The fundamental, contested question around transgenderism is whether gender is a self-perceived "identity" as opposed to an objective, immutable characteristic. That question implicates all manner of live debates over biology, psychology, medicine, philosophy, history, language, culture, and religious faith. It underlies a vast number of legal disputes that are currently being litigated in federal courts, many of them involving workplaces and schools. Those are questions on which American citizens should have faith that the courts are, at a minimum, willing to treat people on both sides of these questions as having legitimate perspectives, rather than being in need of official reeducation.

We do not know what will be in the training itself, but it is reasonable to infer from its description that it will take a side. The program discussion's language ("common misnomers associated with gender," "gender inclusivity," "gender identity"), combined with situating this program within "Lesbian, Gay, Bisexual, Transgender, and Queer (LGBTQ+) Pride Month," sends a signal — one that is unlikely to be lost on recipients of the memo — that this training is likely to take one side of the disputed questions. It communicates that sense of partisanship in how it proposes "educating" the people who staff our federal courts, including the judges themselves. All of this is to be done on federal-taxpayer time and property.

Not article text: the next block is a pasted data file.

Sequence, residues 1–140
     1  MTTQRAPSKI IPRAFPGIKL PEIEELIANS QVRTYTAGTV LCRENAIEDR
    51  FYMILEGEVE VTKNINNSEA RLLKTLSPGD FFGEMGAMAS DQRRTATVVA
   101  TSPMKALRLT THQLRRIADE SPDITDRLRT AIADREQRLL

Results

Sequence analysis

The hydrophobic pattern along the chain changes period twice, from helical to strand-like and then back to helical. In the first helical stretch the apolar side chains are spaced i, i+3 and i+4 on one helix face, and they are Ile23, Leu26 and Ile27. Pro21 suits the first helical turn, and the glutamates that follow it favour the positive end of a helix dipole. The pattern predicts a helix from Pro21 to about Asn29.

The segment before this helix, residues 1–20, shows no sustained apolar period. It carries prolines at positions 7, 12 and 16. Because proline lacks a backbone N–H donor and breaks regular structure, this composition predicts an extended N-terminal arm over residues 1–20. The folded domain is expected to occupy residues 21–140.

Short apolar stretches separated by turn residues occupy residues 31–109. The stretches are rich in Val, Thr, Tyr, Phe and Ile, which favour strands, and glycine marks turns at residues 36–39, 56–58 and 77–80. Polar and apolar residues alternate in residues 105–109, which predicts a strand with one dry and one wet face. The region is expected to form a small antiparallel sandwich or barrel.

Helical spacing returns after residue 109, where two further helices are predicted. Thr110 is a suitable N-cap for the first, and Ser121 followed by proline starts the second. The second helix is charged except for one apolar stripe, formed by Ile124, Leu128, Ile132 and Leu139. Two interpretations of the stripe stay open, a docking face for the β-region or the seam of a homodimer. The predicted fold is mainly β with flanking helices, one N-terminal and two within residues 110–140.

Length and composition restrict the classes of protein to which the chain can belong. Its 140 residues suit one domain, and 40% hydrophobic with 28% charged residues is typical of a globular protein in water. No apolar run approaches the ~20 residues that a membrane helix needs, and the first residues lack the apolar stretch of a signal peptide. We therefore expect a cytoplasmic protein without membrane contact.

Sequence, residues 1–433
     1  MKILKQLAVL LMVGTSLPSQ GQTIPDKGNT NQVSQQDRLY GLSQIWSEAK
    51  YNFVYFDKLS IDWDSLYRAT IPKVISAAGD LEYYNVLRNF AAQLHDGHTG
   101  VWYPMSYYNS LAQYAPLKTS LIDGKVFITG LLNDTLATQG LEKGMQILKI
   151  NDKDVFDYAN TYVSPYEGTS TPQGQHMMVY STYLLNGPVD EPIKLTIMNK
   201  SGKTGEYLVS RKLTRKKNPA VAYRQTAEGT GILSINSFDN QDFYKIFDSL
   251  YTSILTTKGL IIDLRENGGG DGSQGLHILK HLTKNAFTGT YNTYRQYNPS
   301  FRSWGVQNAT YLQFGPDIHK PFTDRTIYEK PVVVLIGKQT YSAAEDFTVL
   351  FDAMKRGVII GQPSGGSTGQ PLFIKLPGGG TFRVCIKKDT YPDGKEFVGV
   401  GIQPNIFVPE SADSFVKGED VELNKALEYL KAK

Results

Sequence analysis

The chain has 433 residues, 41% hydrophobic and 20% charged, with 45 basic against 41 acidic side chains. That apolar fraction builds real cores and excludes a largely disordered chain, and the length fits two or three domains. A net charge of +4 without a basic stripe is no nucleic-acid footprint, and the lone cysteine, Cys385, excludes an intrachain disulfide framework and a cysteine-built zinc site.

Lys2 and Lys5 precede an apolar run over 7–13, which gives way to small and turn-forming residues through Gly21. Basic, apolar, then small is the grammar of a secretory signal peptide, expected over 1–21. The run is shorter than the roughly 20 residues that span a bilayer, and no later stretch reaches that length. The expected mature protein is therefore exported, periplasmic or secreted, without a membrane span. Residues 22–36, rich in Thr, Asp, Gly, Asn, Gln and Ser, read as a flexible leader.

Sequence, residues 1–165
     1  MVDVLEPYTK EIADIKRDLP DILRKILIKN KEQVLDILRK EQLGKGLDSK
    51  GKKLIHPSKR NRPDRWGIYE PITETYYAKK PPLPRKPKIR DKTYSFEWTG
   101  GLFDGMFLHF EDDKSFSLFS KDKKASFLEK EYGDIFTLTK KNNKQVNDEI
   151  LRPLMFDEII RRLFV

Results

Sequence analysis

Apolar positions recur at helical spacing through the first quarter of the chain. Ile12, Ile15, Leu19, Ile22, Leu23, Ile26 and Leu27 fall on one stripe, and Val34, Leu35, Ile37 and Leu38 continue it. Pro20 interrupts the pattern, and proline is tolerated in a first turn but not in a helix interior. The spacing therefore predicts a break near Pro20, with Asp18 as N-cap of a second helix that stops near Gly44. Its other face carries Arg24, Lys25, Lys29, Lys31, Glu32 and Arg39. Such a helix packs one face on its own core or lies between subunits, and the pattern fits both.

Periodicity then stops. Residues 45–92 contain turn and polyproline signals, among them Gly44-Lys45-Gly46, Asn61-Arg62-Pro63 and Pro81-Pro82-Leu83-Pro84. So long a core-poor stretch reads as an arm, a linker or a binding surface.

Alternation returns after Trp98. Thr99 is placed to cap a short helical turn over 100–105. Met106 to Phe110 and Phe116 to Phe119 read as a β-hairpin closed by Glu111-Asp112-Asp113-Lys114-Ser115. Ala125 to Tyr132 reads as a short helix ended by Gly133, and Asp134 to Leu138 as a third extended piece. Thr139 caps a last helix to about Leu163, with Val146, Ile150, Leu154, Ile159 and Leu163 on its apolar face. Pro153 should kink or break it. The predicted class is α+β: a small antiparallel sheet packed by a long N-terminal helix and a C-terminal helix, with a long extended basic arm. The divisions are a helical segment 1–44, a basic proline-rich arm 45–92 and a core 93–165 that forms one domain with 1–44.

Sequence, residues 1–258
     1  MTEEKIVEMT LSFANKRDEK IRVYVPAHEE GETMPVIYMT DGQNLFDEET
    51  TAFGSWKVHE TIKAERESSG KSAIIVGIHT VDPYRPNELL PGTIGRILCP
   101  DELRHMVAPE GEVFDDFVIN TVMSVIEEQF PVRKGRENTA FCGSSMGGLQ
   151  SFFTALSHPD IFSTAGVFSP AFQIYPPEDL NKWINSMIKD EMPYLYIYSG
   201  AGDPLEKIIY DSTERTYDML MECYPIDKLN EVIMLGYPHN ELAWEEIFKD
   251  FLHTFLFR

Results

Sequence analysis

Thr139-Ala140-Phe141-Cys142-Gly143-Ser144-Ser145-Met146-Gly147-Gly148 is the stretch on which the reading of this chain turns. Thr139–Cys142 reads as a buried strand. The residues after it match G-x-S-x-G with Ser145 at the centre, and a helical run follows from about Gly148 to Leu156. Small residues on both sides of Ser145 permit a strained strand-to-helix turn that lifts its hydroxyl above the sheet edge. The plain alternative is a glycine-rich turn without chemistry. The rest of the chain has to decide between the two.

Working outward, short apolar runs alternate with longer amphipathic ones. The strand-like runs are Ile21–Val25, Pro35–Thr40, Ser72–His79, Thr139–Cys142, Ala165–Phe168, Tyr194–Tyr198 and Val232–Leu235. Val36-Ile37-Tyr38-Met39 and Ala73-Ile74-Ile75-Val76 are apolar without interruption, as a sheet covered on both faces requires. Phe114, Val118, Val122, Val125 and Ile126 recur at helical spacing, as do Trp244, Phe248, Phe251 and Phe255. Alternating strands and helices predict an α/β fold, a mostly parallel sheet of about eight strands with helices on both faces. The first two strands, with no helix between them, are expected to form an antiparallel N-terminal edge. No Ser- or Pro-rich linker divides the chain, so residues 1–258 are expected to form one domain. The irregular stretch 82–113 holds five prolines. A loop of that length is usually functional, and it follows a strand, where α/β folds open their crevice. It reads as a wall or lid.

Optional participation doesn't change the official endorsement here, or the choice to host an employee-indoctrination program in what is very much not a public forum. In fact, asking "each court unit" to decide whether to host the training means that those who do choose it are communicating their approval within their own courthouses. Should the courts be flying that flag?

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Memo Obtained by NR Reveals Transgender 'Inclusivity' Training for Federal Courts

The federal judiciary as an institution shouldn't openly take sides on hot-button social debates that come ... READ MORE